Of course if Joshua and Brittany had walked 1/4 mile from the Subaru, over the ridge and down into the gully beyond…they would have had 100% total solitude, piece and quiet. In fact, they could hike for 120 miles in that gully and never have encountered a dirt bike, jeep, ATV or probably another human being.

      The big enviro groups know this human nature perfectly well, they take advantage of people’s ignorance to raise $billions for their quasi-religious Wilderness area campaigns.

      And in the end who wins? The wealthy 1% who’s Montana getaway’s property value goes up 800% when the back yard butts up to a Wilderness area.

      This Land Is No Longer Your Land
      The fight over preserving public land during the Trump era is taking a strange, angry twist in Montana’s Crazy Mountains. Both sides are armed


      Take it or Leave it: The New West’s Big Lie…by Jim Stiles
      just WHO exactly prospers in the New West?

  • allen

    isn’t “3” what they do up in Denali in alaska? so, it wouldn’t be unprecedented.

  • Jeffersonian

    Privatize. Take the whole thing away from greenshirt bureaucrats, let a dozen or more different companies run the places for profit, competing with each other for customers instead of having a government monopoly. If they don’t maintain the resources, no one will want to go there and they go out of business. Some other outfit buys what’s left, restores it (probably by just leaving it the heck alone for a few years), and tries a different way.

  • KellyFromMesquite

    Here’s something the lefties would get behind, make the “tourists” run an obstacle course and if they get in, they can stay. But first charge a hefty fee that’s non-refundable.

    • B-Sabre

      No, they call that “fat shaming” now.

  • dracphelan

    I spent the summer of 1990 working Yellowstone. Of the suggestions you presented, I think the shuttle service is the most workable. When I was there, there was a bus service run by a contacting company that worked fairly well. But, there would still be issues. I’m thinking this could be combined with the $70/vehicle fee and just limiting the number of people allowed in the park at any one time. Think about it. There are plenty of venues that limit the number of people allowed in based on capacity. If people want a higher capacity, they will need to pressure congress to put more money toward the parks, or pony up out of their own pockets (the preferable solution).
    BTW, if I remember correctly, Zion NP is going over to the bus only option during the busiest times of the year.

  • Michel Van

    Install a large Geothermal power plant in Yellowstone and Yosemite
    use money for installation and park maintenance
    and let visitors in for free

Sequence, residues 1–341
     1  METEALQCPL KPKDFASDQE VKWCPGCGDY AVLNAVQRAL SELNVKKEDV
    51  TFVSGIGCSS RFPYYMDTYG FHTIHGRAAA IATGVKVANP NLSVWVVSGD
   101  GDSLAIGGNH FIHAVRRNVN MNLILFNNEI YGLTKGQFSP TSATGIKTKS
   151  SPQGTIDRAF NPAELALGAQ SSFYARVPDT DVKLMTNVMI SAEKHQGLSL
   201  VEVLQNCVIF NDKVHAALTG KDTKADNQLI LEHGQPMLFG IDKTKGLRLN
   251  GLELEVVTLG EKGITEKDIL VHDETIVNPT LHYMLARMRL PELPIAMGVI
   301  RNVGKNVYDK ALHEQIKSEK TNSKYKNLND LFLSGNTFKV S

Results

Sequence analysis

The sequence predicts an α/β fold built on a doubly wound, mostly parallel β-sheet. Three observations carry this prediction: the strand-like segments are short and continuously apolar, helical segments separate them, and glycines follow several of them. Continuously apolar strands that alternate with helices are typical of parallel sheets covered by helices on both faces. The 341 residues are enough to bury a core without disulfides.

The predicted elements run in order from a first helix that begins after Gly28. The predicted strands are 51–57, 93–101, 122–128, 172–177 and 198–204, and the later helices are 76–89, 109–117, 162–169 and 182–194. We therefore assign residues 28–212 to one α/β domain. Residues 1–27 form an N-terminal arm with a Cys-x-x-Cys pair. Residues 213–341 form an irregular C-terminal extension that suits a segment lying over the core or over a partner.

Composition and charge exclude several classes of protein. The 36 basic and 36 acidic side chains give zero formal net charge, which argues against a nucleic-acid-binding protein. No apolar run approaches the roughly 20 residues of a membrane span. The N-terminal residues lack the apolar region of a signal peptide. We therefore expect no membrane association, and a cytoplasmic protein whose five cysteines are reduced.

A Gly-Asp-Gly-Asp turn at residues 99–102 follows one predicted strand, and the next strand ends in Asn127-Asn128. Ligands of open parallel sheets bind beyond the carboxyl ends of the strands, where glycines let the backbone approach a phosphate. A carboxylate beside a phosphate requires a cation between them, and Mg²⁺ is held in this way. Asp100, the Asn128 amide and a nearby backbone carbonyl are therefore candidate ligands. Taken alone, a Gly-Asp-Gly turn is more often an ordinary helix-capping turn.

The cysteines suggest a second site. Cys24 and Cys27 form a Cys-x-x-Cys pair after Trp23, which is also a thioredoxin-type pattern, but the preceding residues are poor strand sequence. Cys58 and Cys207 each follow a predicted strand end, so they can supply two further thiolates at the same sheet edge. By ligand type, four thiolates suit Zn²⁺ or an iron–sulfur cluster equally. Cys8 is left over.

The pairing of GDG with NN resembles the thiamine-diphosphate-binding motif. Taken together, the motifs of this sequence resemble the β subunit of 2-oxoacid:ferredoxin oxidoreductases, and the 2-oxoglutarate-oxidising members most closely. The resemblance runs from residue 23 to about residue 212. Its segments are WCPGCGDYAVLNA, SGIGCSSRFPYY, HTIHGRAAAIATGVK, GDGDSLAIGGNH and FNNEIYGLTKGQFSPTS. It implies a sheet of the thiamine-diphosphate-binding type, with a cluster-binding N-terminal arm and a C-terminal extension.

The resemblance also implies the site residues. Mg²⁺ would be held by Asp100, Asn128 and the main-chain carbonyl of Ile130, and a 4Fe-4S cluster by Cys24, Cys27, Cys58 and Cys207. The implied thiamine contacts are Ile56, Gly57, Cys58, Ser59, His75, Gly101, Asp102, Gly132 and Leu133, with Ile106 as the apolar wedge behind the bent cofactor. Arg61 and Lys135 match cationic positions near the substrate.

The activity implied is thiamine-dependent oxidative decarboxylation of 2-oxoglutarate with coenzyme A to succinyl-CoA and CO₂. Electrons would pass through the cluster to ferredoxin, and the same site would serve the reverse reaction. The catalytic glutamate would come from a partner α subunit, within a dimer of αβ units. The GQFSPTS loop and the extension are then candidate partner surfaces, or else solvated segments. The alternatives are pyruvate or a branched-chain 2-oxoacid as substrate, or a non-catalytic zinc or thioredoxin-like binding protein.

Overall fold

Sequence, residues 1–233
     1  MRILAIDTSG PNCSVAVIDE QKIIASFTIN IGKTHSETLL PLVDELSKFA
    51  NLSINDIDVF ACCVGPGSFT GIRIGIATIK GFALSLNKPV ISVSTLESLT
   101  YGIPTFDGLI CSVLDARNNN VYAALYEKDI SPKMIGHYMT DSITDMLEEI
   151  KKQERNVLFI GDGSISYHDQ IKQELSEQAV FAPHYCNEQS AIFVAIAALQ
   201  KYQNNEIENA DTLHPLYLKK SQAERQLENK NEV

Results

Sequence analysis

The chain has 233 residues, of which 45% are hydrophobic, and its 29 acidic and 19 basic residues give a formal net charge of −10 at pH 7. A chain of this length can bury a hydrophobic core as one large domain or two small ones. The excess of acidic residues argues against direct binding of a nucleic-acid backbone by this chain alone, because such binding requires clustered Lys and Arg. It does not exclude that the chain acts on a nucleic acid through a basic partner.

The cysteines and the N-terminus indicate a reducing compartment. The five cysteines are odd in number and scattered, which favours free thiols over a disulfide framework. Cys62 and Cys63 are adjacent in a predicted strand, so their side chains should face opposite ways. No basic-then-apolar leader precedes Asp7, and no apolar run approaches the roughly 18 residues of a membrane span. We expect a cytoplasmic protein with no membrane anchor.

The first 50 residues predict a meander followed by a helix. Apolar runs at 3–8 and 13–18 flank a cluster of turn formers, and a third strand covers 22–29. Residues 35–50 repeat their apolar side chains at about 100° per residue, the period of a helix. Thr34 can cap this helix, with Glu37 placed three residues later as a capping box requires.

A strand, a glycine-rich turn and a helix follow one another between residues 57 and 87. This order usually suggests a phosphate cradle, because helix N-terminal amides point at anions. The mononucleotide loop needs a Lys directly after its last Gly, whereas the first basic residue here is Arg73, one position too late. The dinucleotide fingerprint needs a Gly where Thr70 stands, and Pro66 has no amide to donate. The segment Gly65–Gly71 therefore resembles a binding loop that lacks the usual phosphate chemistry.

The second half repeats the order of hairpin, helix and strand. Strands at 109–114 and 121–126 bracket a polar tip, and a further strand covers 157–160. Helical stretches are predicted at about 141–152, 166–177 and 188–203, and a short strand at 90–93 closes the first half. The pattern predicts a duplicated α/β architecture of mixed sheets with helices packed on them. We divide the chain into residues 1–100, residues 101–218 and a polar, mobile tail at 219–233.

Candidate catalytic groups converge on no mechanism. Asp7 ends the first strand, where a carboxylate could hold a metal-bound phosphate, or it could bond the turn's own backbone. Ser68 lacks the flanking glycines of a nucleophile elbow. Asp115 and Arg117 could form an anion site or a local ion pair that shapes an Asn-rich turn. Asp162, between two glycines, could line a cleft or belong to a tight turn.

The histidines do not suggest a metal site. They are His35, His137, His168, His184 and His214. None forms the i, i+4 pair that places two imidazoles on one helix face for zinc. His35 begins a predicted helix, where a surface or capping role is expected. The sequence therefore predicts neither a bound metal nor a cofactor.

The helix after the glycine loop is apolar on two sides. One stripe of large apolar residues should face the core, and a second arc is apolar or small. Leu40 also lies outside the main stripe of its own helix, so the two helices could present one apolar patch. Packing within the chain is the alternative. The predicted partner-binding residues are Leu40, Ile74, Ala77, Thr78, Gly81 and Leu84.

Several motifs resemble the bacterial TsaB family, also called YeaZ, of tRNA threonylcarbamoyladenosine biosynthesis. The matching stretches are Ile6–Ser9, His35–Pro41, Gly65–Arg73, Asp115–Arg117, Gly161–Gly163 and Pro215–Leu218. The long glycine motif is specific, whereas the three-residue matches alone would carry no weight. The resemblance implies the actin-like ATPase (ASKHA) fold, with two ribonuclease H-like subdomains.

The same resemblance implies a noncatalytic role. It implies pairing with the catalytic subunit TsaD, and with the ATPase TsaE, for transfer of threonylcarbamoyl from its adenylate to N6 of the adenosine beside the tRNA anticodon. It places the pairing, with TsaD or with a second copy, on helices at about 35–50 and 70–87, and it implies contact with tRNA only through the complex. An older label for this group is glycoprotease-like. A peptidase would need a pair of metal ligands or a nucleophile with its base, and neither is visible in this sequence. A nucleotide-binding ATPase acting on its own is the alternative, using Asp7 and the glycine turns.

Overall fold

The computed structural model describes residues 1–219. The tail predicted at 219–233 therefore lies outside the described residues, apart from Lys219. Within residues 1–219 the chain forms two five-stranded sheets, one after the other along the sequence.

• Paul451

    If there’s too many people and not enough money, determine the optimum number of people for each park and auction off the day-passes online.

    Perhaps auction them in batches 30 days in advance, 7 days, and same-day. It should be possible to optimise the size of the batches to optimise revenue and demand. (People need to be able to plan ahead, eliminate that and you bork demand. But last minute buys should be possible, eliminate that and you bork demand.)

    (Aside: I don’t understand how we still have concert ticket scalping. Auction off the tickets via an algo that aims for 90-95% capacity. The tickets find their natural price. What’s left for scalpers to profit on? Likewise, there’s no reason for concerts to be cancelled because they didn’t sell enough tickets, if the algo can alter the venue between several choices to optimise the return. (Larger venue means lower per-ticket, but more tickets, but higher costs. Smaller venue means fewer tickets, but higher prices, but lower costs. Somewhere there will be an optimum based on demand.))

  • se jones

    To have a nation with enormous numbers of unemployed “inner city youth”, while at the same time having these huge maintenance backlogs at the national parks is -insane. Especially insane when you realize that most of the trails, infrastructure & facilities at the national parks was originally built by WPA workers in the first place. Clinton’s AmeriCorps was the right idea as far as it went.

    But, I’ve watched this play out over the decades and I have little hope for sanity to return. The government agencies and their civil service managers will always just lobby for more money to preserve their jobs and expand their fiefdom, bringing in WPA type workers is a threat. Closely related are the industry lobbyists who will fight for more (borrowed) federal dollars for their contractors to do the work.

    Last but not least, is the SJW contingent, who will throw a wrench into any plan to take idle kids off the street, house them in tents, take away their drugs & I phones, while they do a hard days work on some rock wall in Rocky Mountain National Park under the hot summer sun. Can’t have THAT.